Nimoko’s Nippon Blog – Kyoto

Konnichi wa minna!

The last but beautiful stop during my Japan trip is Kyoto! It was the most beautiful city I have visited so far, very traditional, with so much nature and many temples and shrines that give you so much peace in your heart.

First of all, I’d like to show you pictures of Kyoto’s beautiful temples and shrines. Of course there are many others but unfortunately we didn’t have enough time to visit them all …

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Washing your hands before prayer is a Japanese tradition
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When Japanese people pray, they can make a wish and write it on a small paper or piece of wood
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These small wooden boards are called Ema
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This seems do be a traditional ritual but¬†unfortunately I couldn’t find out the meaning of it ūüė¶
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A beautiful small Japanese shrine
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The entrance of a Japanese palace in the middle of a park in Kyoto
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The temple itself

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I love these Japanese gardens, so peaceful and green …

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Japanese cemeteries look quite different from the ones we know in Europe. More crowded, but very peaceful though …
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The beautiful view over Kyoto from a cemetery near the temple on a mountain.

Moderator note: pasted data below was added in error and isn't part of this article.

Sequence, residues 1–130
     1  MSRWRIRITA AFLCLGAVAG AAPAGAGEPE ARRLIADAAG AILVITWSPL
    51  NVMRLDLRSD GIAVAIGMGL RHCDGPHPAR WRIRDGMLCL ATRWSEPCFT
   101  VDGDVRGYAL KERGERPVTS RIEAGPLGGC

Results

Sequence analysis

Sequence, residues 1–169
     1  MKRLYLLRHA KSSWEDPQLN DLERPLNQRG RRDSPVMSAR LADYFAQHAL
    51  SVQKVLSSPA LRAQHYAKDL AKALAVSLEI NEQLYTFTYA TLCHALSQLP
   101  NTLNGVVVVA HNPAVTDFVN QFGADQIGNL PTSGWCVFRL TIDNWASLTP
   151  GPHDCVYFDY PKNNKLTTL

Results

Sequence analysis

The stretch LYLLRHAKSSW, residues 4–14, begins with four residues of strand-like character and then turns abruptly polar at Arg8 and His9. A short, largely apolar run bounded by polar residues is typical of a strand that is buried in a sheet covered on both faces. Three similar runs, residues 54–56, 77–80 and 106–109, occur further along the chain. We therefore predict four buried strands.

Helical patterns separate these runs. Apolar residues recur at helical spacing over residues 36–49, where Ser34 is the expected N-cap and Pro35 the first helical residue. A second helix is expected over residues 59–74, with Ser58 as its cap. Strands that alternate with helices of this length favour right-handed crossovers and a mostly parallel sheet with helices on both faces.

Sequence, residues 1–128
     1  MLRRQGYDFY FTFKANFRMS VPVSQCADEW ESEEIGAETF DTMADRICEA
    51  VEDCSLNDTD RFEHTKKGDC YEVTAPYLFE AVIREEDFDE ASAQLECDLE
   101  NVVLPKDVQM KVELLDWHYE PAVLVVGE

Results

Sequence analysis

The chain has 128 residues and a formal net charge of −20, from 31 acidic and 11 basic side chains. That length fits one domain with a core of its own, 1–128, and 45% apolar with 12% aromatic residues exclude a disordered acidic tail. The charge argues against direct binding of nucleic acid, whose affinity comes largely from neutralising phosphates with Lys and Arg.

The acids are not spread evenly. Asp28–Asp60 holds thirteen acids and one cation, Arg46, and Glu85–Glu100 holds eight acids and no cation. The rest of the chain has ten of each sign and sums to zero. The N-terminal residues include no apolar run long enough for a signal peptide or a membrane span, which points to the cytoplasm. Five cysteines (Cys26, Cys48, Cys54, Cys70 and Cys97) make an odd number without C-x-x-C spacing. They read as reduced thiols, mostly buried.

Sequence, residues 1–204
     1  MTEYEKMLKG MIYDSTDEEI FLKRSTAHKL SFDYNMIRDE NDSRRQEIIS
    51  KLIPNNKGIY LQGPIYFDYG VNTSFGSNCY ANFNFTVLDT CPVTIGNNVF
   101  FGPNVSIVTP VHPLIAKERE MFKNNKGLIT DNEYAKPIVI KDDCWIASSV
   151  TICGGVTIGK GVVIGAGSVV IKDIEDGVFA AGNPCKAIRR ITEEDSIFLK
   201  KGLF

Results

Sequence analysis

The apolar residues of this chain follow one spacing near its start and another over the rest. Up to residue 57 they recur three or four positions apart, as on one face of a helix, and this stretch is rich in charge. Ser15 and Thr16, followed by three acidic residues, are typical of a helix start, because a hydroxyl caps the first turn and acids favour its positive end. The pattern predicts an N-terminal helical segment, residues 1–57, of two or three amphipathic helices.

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Do you remember these traditional Japanese kimonos from my first blog entry? They are seen all over Kyoto and tourists can rent them in many shops.
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The famous Teramachi shopping street in Kyoto

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So many small shops with traditional Japanese food. I loved exploring them!
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And soooooo much Sakura (cherry blossom) flavored food <3<3
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Some shrines can even be found within the shopping areas
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I just had to capture this little puppet temple with the kawaii dancing puppet Miko (priestess) ‚̧
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View over the Kamogawa (Kamo river) in Kyoto

 

So this was my last entry in my Nippon blog and I hope you enjoyed it as much as I did ^^ if you ever get the chance to travel to Japan, I highly recommend it to you!

Ja nee minna! <3<3

Nimoko’s Nippon Blog – About Japanese Culture

Konnichi wa minna! (Hello guys)

I had the chance to travel through the beautiful country of Japan during the last two weeks and I wanted to give you some impressions I got about this beautiful landscape and culture. At First, I will give you a brief impression of the country and its culture, before I give you a deeper sight to different Cities and places I got to explore ^^.

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Traditional Japanese Houses are kept small, made of Bamboo and wood. They are mostly seen in smaller cities or country sides. I saw a lot of them in Kyoto.